(LOUISVILLE, Ky – April 11, 2017) Kentuckians who are familiar with needle exchange programs are more likely to favor them, according to the latest Kentucky Health Issues Poll (KHIP), released today. Fifty-six percent of Kentucky adults are familiar with needle exchange programs, also known as syringe exchange programs. Forty-nine percent favor the programs, while 43 percent oppose them and 8 percent say they aren’t sure.

KHIP is an annual poll of Kentucky adults about health issues and is funded jointly by the Foundation for a Healthy Kentucky and Interact for Health.

“Research tells us that needle exchange programs can help cut down on the spread of HIV and hepatitis C,” said Foundation for a Healthy Kentucky President and CEO Ben Chandler. “Research also indicates that these programs do not increase drug use. Kentucky is facing a substance use crisis. The legislature authorized needle exchanges in 2015, and now nearly two dozen communities are using them to combat the public health issues that accompany opioid and heroin addiction.”

Income levels didn’t affect opinions about needle exchanges, but age did: adults older than 64 were less likely to approve of them.

The Jessamine County Health Department created a Syringe Exchange Program (SEP) in April 2016. Since then, the SEP has served 114 clients with 347 encounters, according to Randy Gooch, Foundation Community Advisory Committee Member and director of the Jessamine County Health department. They have given out 11,361 syringes and have had 8,083 returned. The department has tested 20 percent of its clients and discovered that 30 percent of those tested positive for hepatitis C.

“While the public health success of our SEP program will be measured by reduction of infectious disease transmission over time, we also have expectations that success will be realized by the number of individuals who receive counseling and treatment services due to the positive contact we have with them,” said Gooch. “Our greatest success to date has been realized with our first participant, a 34-year-old female who came seven weeks straight to our program and returned on the eighth week to turn in her syringes and inform us she was checking into rehab. After four weeks of rehab, she was placed on medication-assisted treatment and often comes by to visit and say she is doing well.”

Gooch credits much of the success of the Jessamine County program to the Accredited Safe Communities America Coalition, a program of the National Safety Council. The health department was awarded accreditation in February 2016, with one of the focus areas being drug overdose.

“The partnerships developed and strategic planning accomplished through this process had our coalition ready to educate and advocate for this public health initiative. Even though this was a controversial issue with law enforcement, we had their support because our previous work had established trust with our agencies and a knowledge and understanding of how public health could impact safety in our community,” said Gooch. “The drug epidemic will only be controlled through a multi-prong approach of education, legislation, prevention, intervention, treatment, faith and other community components. I’m extremely proud of our community for being proactive in these areas as a ‘Safe Community.’”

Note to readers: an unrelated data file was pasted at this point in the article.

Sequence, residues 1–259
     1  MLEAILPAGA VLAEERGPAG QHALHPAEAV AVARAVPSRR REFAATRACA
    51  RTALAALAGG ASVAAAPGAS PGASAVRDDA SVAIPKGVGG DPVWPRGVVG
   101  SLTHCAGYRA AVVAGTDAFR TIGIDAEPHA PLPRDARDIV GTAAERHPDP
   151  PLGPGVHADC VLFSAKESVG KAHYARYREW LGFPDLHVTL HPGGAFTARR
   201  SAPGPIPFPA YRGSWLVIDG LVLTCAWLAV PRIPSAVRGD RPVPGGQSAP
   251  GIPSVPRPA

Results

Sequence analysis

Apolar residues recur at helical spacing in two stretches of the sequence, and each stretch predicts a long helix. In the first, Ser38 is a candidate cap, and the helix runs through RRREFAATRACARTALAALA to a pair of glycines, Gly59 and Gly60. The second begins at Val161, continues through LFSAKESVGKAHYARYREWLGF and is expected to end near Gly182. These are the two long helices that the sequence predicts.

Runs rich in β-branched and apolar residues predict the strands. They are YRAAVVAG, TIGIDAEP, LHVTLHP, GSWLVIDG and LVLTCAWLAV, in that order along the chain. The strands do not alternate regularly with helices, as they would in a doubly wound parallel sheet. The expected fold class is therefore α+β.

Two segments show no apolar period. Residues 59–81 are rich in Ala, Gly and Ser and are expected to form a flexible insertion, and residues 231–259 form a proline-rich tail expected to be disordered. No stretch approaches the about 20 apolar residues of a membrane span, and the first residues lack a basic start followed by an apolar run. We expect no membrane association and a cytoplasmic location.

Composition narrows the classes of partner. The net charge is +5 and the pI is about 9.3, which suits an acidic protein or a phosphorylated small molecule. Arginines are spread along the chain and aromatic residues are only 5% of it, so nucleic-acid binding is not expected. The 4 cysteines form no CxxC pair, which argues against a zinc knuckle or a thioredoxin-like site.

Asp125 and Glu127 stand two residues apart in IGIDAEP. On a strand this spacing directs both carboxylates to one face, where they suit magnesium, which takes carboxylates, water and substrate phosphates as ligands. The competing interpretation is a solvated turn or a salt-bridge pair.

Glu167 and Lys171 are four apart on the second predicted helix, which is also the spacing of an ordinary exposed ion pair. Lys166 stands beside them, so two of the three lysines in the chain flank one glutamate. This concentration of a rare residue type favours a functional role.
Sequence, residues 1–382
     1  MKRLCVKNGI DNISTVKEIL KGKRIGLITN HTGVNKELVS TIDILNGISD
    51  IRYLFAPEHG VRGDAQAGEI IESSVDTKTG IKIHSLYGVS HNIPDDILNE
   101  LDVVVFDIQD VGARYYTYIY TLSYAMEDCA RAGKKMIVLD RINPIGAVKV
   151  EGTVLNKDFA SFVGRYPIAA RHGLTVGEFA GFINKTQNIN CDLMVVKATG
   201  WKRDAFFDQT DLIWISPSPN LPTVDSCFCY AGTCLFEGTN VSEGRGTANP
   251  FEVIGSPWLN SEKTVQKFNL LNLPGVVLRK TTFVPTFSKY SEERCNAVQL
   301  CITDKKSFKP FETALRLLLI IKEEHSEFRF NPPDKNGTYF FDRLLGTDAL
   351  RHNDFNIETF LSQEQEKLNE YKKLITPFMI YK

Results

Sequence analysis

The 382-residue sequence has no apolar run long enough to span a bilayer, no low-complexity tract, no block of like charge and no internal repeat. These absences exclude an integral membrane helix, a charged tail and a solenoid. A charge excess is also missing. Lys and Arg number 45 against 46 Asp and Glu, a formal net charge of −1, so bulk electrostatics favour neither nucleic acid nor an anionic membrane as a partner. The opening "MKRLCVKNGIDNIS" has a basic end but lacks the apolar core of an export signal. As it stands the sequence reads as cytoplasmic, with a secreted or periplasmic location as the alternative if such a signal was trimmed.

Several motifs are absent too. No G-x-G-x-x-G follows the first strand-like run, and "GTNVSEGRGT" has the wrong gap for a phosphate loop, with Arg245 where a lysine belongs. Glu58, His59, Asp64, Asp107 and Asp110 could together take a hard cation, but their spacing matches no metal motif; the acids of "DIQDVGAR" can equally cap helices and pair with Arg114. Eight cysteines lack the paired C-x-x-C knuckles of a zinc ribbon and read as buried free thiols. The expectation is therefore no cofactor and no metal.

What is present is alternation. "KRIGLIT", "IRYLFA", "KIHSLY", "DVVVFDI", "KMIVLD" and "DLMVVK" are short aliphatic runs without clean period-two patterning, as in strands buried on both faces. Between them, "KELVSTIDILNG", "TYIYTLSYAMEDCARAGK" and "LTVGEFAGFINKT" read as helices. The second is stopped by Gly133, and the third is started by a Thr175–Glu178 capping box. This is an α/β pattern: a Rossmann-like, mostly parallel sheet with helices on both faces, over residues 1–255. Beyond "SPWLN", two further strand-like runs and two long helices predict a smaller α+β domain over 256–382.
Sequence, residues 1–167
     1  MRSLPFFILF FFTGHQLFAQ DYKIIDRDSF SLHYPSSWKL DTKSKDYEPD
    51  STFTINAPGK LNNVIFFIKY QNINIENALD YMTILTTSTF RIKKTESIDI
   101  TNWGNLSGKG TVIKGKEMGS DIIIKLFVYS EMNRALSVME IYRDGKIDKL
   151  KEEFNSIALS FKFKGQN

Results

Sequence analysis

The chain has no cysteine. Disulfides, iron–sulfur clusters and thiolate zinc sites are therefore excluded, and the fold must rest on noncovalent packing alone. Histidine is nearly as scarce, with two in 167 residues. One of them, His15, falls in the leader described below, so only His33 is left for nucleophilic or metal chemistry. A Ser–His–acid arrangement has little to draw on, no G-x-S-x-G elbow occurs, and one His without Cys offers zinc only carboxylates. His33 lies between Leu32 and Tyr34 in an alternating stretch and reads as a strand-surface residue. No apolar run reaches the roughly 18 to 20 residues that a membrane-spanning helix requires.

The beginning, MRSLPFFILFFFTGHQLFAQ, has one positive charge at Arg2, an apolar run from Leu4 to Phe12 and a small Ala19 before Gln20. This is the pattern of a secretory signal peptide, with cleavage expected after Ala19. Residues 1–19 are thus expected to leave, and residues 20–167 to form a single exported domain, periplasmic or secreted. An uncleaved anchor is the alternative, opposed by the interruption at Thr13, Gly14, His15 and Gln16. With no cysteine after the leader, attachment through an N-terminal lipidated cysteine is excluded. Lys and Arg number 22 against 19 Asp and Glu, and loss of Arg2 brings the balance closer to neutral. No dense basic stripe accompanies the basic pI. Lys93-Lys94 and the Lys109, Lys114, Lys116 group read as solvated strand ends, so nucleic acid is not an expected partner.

The Centers for Disease Control and Prevention has identified 54 Kentucky counties as vulnerable to rapid dissemination of HIV and hepatitis C infection because of intravenous drug use (see highlighted counties in map to the right; click here to learn more). The Foundation’s annual Howard L. Bost Memorial Health Policy Forum, scheduled for Sept. 25, 2017, in Lexington, will focus on Kentucky’s substance use crisis and the solutions and strategies communities and the state can employ to counteract it. Watch this page for more information on the forum.

A copy of the KHIP poll is available here.

About the Foundation for a Healthy Kentucky
Since the Foundation opened its doors in 2001, it has invested nearly $26.7 million in health policy research and advocacy, as well as demonstration project grants across the Commonwealth. Funded by an endowment, the mission of the nonpartisan Foundation is to address the unmet health care needs of Kentuckians by developing and influencing health policy, improving access to care, reducing health risks and disparities, and promoting health equity. Follow the Foundation on Twitter, Facebook and YouTube, and visit our website at www.healthy-ky.org

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Media Contacts:
Bonnie J. Hackbarth
502-326-2583 (office)
502-552-3770 (mobile)
bhackbarth@healthy-ky.org 

or

Angela Koch
502-326-2583 (office)
502-759-2171 (mobile)
akoch@healthy-ky.org